Chicanos in South Texas enjoy voting for Chicanos (or people they think are Chicanos). And there’s nothing wrong with that when Chicano representation at the top levels is dismal and you’ve got a bunch of mean gringos (bad anglos) and vendidos (Cruz) trying to build walls and threatening the well-being of families and communities. The familiar is a lot more warm and fuzzy sometimes to a lot of people of different colors and groups, but it seems people only get mad when Chicanos do it. 

Why get mad at South Texas when little has been done in the form of outreach? You can visit most of the counties (Beto) and still miss most of the voters. I mean, I’m not afraid to say that Beto probably saw the same people over and over again at his Houston visits since these events are sold to Democratic activists and not your regular voter. (I didn’t attend any of them.) The differences between March and November voters is pretty obvious too. I’d even venture to say that social media targeting is a lot easier in a big city than in rural areas, since that was the tool of choice for many campaigns. But did they even try in Rural South Texas?

Advertising in South Texas newspapers and radio stations is relatively cheap, compared to the big markets Democrats complain about not being able to afford. Perhaps some ads and outreach to those news and info sources may have helped. Hell, they’re cheaper than a politiquera (google it), that’s for sure.

Beyond all the whining, most of the Democratic counties still vote for the Democrat on the ballot by huge percentages when November comes. Of course, turnout could be affected because you’re talking about a lot of rural Chicanos that might go ignored by campaigns in favor of the big Democratic cities. Well there’s a cost to just about any campaign strategy that is chosen. Figure it out!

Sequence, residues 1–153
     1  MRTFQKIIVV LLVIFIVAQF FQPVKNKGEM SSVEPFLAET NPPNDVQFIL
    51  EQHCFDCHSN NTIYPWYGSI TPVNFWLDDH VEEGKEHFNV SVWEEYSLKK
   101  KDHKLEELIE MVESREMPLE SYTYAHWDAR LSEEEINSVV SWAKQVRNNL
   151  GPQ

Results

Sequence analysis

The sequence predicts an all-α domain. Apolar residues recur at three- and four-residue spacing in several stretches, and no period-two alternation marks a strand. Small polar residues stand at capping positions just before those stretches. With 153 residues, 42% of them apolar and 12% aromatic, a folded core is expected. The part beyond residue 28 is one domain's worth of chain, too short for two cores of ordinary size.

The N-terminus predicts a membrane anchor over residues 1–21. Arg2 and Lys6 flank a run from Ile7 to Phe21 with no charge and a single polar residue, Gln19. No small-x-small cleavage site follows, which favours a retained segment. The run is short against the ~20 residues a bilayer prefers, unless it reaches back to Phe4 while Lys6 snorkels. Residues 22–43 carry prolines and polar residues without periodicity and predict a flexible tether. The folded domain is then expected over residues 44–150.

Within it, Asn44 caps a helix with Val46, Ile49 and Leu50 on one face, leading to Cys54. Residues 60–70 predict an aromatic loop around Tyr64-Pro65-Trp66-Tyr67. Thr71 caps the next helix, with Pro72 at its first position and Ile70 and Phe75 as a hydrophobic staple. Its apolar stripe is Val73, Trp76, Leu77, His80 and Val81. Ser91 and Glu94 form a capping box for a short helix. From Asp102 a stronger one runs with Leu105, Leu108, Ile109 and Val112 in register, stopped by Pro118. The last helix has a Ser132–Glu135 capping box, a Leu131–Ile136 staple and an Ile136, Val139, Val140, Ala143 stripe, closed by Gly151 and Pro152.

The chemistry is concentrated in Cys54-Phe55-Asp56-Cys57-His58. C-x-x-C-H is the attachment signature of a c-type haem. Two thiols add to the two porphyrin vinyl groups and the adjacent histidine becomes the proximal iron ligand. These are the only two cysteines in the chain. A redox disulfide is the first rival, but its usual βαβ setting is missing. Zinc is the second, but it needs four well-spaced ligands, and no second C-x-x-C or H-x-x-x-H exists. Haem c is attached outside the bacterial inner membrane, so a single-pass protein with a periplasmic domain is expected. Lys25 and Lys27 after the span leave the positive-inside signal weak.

Ted Cruz’s idiocy about “Beto” notwithstanding, Beto’s not the first gabacho (not a bad anglo, just an anglo) to use a nickname familiar to Chicanos. Who knows, it could become endearing to folks once they get to know him. But they do need to get to know him and everyone else on the ballot.

Democrats complaining about South Texas just need to stop because that kind of elitism bordering on something else is unbecoming. I swear, they complain in March because we vote for their favorites’ Chicano opponent, then they complain in November when not enough of us vote. In the words of Eddie Olmos in the Selena movie, “It’s exhausting!”

Until Democrats (including elected ones in South Texas) perfect the whole political education thing in South Texas, low information, name-based elections will continue. Let’s all work on it.

Latinos on the Ballot

There was an article in the Chron recently about the record number of Latinos on the ballot of both primaries. Of course, there were multiple people running in some races, such as Congress District 29 and Commish Pct. 2. Still, at the end of the Democratic Primary, how many Latinos have been left on the island?

Well, since most Latinos in Harris County live away from areas represented by Latin@s, I’ll use my own ballot as an example. At this moment, Democrats have the potential for 12 Latinos on my ballot. Of those 12, three are in run-off races, including Lupe Valdez who is running for Texas Governor, Richard Cantu for HCDE At-Large, and Cosme Garcia for County Treasurer.

But for sure we in Harris County will see names like Suazo, Lacayo, Hidalgo and Rodriguez on the ballot. And there’s even a Fleischer (es hijo de Chilenos).

And outside of my ballot, some in Harris County will see Sylvia Garcia, Adrian Garcia, Jessica Farrar, Ana Hernandez, Armando Walle, Penny Shaw, Carol Alvarado and more.

In case you’re asking about the dark side (GOP), there are eight on my ballot, including one in a run-off. Of course, being Latino doesn’t necessarily mean they support the issues that are important to Latinos, and Ted Cruz, Little Brown Bush, and the rest are not with us. Just to be clear. And we should never be afraid to say this. But anything for a “record breaking” article, I guess.

And that’s what’s important about ballot diversity. Representation goes beyond the Spanish surname. It’s about voters having a diversity of candidate stories with which they might identify to make the polls more inviting. In other words, a ballot that looks like Houston and Harris County.

But, most importantly, it’s about who’s fighting for you and your issues. Who’s standing up for public education, jobs, immigration reform, and access to health care/ And in these days of trumpism, we need all the fighters we can get.